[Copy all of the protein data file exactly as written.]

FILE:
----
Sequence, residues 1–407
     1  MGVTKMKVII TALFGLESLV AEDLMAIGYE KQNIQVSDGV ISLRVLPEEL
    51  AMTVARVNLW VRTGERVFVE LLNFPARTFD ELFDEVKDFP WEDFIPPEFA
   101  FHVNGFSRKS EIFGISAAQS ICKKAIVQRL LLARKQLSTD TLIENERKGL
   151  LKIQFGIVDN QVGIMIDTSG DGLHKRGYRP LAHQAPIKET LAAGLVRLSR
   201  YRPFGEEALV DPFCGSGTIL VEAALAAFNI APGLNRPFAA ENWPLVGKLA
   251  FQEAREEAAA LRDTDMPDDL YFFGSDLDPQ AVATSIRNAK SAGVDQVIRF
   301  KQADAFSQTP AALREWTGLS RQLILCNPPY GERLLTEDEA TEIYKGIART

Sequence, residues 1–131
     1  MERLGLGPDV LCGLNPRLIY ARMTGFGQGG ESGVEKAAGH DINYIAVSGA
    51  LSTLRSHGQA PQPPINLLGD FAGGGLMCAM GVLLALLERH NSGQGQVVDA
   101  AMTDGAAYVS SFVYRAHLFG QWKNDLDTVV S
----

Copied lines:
Sequence, residues 1–407
     1  MGVTKMKVII TALFGLESLV AEDLMAIGYE KQNIQVSDGV ISLRVLPEEL
    51  AMTVARVNLW VRTGERVFVE LLNFPARTFD ELFDEVKDFP WEDFIPPEFA
   101  FHVNGFSRKS EIFGISAAQS ICKKAIVQRL LLARKQLSTD TLIENERKGL
   151  LKIQFGIVDN QVGIMIDTSG DGLHKRGYRP LAHQAPIKET LAAGLVRLSR
   201  YRPFGEEALV DPFCGSGTIL VEAALAAFNI APGLNRPFAA ENWPLVGKLA
   251  FQEAREEAAA LRDTDMPDDL YFFGSDLDPQ AVATSIRNAK SAGVDQVIRF
   301  KQADAFSQTP AALREWTGLS RQLILCNPPY GERLLTEDEA TEIYKGIART

Sequence, residues 1–131
     1  MERLGLGPDV LCGLNPRLIY ARMTGFGQGG ESGVEKAAGH DINYIAVSGA
    51  LSTLRSHGQA PQPPINLLGD FAGGGLMCAM GVLLALLERH NSGQGQVVDA
   101  AMTDGAAYVS SFVYRAHLFG QWKNDLDTVV S